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Modal Outlook 2010 inspector with custom ribbon does not close properly RRS feed

  • Question

  • A modal Outlook inspector with a custom ribbon will, when its initiated by Excel/Word "Save and Send" event , not properly close after the item has been sent. After the message has been sent it causes the File Dialog Box to be hidden and blocking access to the document or sheet. Only by restarting Outlook will the Dialog appear.

    http://social.msdn.microsoft.com/Forums/en-US/vsto/thread/243e8465-a638-41b1-ac28-b4f7262457f9 suggsts using a pinvoke command but that does not seem to work.
    Appearently it is known bug and there is probably no elegant way but could someone please give any suggestions on how to proceed.

    I have tried Inspectorwrappers, Ribbon XML (only when you start altering the ribbon based on email content) interacting all without success. The problem occurs with even the simples of custom ribbons without any real funcitonality in the buttons themselves.

    It almost look like the ribbon is causing the Inspector not to close but since the ribbon is initialized per inspector you cant really dispose of it.

    Any suggestions would be very much appriciated.

    Saturday, May 11, 2013 8:13 PM

Answers

  • As I mentioned in that other thread you need to handle the item.Send() event and not the Application.ItemSend() event. The technique definitely works, I use it all the time and have it working in quite a few addins.

    Here is the solution you want:

    You can't close the window in Application.ItemSend() and that's pretty late in the process anyway.

    Handle the item.Send() event for the item and cancel the event by setting Cancel == true.

    Then you'd need to set a timer in the event handler to fire after the event ends. Then when the timer fires you need to synch the thread the timer fired in to the Outlook thread the addin run ins.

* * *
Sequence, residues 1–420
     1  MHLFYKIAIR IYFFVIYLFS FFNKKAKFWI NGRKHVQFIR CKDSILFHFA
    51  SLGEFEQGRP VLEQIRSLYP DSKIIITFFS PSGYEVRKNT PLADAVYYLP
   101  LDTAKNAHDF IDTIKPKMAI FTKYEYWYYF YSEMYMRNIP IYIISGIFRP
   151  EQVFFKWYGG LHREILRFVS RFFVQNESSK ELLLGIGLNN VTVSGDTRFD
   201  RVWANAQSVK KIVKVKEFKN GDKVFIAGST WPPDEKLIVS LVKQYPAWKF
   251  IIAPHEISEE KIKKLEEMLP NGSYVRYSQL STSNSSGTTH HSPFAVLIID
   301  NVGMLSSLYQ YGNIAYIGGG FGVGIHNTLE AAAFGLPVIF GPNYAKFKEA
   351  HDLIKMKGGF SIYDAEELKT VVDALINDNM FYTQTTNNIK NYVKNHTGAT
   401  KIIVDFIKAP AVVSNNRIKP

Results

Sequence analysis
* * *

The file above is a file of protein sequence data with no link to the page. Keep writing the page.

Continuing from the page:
Then and only then can you successfully close the window by sending a WM_CLOSE nessage and have it work and not fire various thread exceptions.

    Working code for that is in the other thread, and has been posted here and in the Outlook Developer forum a number of times.


    Ken Slovak MVP - Outlook

    • Marked as answer by RaginElmo Tuesday, May 14, 2013 8:20 AM
    Monday, May 13, 2013 2:40 PM

All replies

  • As I mentioned in that other thread you need to handle the item.Send() event and not the Application.ItemSend() event. The technique definitely works, I use it all the time and have it working in quite a few addins.

    Here is the solution you want:

    You can't close the window in Application.ItemSend() and that's pretty late in the process anyway.

    Handle the item.Send() event for the item and cancel the event by setting Cancel == true.

    Then you'd need to set a timer in the event handler to fire after the event ends. Then when the timer fires you need to synch the thread the timer fired in to the Outlook thread the addin run ins.

    Then and only then can you successfully close the window by sending a WM_CLOSE nessage and have it work and not fire various thread exceptions.

    Working code for that is in the other thread, and has been posted here and in the Outlook Developer forum a number of times.


    Ken Slovak MVP - Outlook

    • Marked as answer by RaginElmo Tuesday, May 14, 2013 8:20 AM
    Monday, May 13, 2013 2:40 PM
  • Ken thank you for your answer. Would you mind pointing to an example because I searched for what you just descibed and could not find it.

    Do I understand you correctly when saying that you need to cancel the regular sent even first, then close the item and then use another method (eg. Application.ItemSend) to send the item off?

    • Edited by RaginElmo Tuesday, May 14, 2013 9:39 AM
    Tuesday, May 14, 2013 9:33 AM
  • I posted an example of closing an Inspector window in that original thead, in C# code: http://social.msdn.microsoft.com/Forums/en-US/vsto/thread/243e8465-a638-41b1-ac28-b4f7262457f9

    Let me go over the sequence of events as I would handle it.

    1. I would discover the Simple MAPI Inspector by periodically checking the Inspectors collection to find instances of Inspectors that I'm not already handling. I use a tirmer on a Windows.Form that is instantiated but hidden in my startup code. That timer runs in the main thread so it can use the Outlook object model.

    2. I would mark my Inspector handler as being opened by Simple MAPI. Any handler added for an Inspector that didn't fire NewInspector() is such a Simple MAPI Inspector.